Commenced in January 2007
Frequency: Monthly
Edition: International
Paper Count: 3

Search results for: Hock-Sen Gwee

3 The Development of the Self-concept Scale for Elders in Taiwan

Authors: Ting-Chia Lien, Tzu-Yin Yen, Szu-Fan Chen, Tai-chun Kuo, Hung-Tse Lin, Yi-Chen Chung, Hock-Sen Gwee


The purpose of this study was to explore the result of the survey by developing “Self-Concept Scale for Elders”, which could provide community counseling and guidance institution for practical application. The sample of this study consisted of 332 elders in Taiwan (male: 33.4%; female: 66.6%). The mean age of participants was 65-98 years. The measurements applied in this study is “Self-Concept Scale for Elders”. After item and factor analyses, the preliminary version of the Self-Concept Scale for Elders was revised to the final version. The results were summarized as follows: 1) There were 10 items in Self-Concept Scale for Elders. 2) The variance explained for the scale accounted for 77.15%, with corrected item-total correlations Cronbach’s alpha=0.87. 3) The content validity, criterion validity and construct validity have been found to be satisfactory. Based on the findings, the implication and suggestions are offered for reference regarding counselor education and future research.

Keywords: self-concept, elder, development scale, applied psychology

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2 Maximising the Therapeutic Value of the Mental Capacity Act of Singapore for People Who Lack Legal Capacity

Authors: Kenji Gwee


The Mental Capacity Act is a new legislation that allows for lasting powers of attorney and court-appointed deputies, in respect of people who lack legal capacity. While the UK Act, after which the Singapore Act is modeled, has been shown to be therapeutic to donors, the Singapore Act differs from its UK counterpart and it is unclear if the Singapore Act can be beneficial to donors as purported. The purpose of this study was to determine what the perceptions of three groups of stakeholders (patients, caregivers and psychiatrists) are about the aspects of the Mental Capacity Act that are therapeutic to donors. In addition, ways to increase the therapeutic value of the Act to donors are sought. A qualitative methodology was used and the research was guided by two theoretical frameworks: therapeutic jurisprudence and an interpretive constructive framework. Interviews with 12 psychiatrists, and focus groups with twenty three patients and seven caregivers showed agreement that, allowing donors to nominate more than one decision- maker, and whistle-blowing mechanisms for recourse for abuse, were therapeutic to donors. To further increase the therapeutic value of the Act, 2 suggestions were made: the Act should provide for (i) advanced healthcare directives- allowing donors to make advance decisions to refuse treatment, or cease existing treatment, and (ii) independent advocacy services- to have a case worker to represent people who have no family or friends and are thus unable to find suitable donees.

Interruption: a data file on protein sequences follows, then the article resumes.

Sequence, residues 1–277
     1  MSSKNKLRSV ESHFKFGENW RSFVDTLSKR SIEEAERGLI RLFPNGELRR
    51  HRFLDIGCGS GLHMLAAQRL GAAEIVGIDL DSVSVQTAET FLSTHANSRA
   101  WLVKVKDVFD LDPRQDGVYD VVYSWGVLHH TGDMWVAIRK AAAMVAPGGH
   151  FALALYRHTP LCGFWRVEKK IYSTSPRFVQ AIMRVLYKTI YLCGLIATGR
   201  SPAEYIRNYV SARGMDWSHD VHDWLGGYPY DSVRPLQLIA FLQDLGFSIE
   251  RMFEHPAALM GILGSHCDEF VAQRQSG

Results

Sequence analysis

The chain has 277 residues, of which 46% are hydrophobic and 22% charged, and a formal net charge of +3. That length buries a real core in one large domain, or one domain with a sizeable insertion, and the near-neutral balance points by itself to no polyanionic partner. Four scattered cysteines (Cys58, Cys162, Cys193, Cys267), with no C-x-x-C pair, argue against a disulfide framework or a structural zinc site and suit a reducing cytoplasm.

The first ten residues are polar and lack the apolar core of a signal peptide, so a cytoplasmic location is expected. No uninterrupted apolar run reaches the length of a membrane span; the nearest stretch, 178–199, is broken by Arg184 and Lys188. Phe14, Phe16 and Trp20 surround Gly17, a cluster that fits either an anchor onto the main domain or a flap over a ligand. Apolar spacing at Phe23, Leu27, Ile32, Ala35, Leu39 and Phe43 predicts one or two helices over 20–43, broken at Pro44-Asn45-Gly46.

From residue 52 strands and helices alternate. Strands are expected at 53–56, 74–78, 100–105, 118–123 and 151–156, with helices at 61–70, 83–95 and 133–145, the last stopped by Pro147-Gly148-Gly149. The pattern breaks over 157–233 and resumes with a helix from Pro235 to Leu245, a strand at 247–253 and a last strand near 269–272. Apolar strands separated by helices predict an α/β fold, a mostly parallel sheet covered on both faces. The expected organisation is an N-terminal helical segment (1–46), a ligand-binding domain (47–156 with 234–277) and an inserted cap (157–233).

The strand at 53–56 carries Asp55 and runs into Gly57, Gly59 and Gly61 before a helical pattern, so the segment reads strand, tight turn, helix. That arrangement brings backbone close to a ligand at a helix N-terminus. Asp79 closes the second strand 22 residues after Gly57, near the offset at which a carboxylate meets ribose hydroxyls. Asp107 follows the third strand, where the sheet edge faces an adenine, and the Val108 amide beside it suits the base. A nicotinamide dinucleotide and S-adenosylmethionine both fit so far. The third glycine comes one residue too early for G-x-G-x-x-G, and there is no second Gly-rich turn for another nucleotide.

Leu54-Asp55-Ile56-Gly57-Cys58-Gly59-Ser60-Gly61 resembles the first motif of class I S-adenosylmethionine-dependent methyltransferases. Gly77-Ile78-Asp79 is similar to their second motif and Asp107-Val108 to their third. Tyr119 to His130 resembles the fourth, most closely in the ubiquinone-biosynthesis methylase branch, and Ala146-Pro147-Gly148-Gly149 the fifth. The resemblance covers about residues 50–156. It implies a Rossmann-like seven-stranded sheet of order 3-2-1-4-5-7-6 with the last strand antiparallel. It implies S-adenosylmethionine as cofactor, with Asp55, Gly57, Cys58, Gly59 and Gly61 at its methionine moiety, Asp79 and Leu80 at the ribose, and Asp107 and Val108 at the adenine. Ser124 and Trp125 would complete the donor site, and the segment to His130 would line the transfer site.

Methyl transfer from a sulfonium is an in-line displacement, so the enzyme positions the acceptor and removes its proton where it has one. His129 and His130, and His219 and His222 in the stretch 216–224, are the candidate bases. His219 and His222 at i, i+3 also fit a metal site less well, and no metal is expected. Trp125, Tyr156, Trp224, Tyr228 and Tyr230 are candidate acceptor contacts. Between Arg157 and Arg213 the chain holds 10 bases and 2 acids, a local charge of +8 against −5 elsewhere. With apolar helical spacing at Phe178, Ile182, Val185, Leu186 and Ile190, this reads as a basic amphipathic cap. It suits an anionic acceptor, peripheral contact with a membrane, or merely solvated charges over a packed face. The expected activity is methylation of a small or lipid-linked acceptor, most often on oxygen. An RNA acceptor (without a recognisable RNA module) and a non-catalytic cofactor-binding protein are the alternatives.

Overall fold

Keywords: Mental Capacity Act, therapeutic jurisprudence, qualitative methodology, the UK Act

Procedia PDF Downloads 309
1 The Test of Memory Malingering and Offence Severity

Authors: Kenji Gwee


In Singapore, the death penalty remains in active use for murder and drug trafficking of controlled drugs such as heroin. As such, the psychological assessment of defendants can often be of high stakes. The Test of Memory Malingering (TOMM) is employed by government psychologists to determine the degree of effort invested by defendants, which in turn inform on the veracity of overall psychological findings that can invariably determine the life and death of defendants. The purpose of this study was to find out if defendants facing the death penalty were more likely to invest less effort during psychological assessment (to fake bad in hopes of escaping the death sentence) compared to defendants facing lesser penalties. An archival search of all forensic cases assessed in 2012-2013 by Singapore’s designated forensic psychiatric facility yielded 186 defendants’ TOMM scores. Offence severity, coded into 6 rank-ordered categories, was analyzed in a one-way ANOVA with TOMM score as the dependent variable. There was a statistically significant difference (F(5,87) = 2.473, p = 0.038). A Tukey post-hoc test with Bonferroni correction revealed that defendants facing lower charges (Theft, shoplifting, criminal breach of trust) invested less test-taking effort (TOMM = 37.4±12.3, p = 0.033) compared to those facing the death penalty (TOMM = 46.2±8.1). The surprising finding that those facing death penalties actually invested more test taking effort than those facing relatively minor charges could be due to higher levels of cooperation when faced with death. Alternatively, other legal avenues to escape the death sentence may have been preferred over the mitigatory chance of a psychiatric defence.

Keywords: capital sentencing, offence severity, Singapore, Test of Memory Malingering

Procedia PDF Downloads 331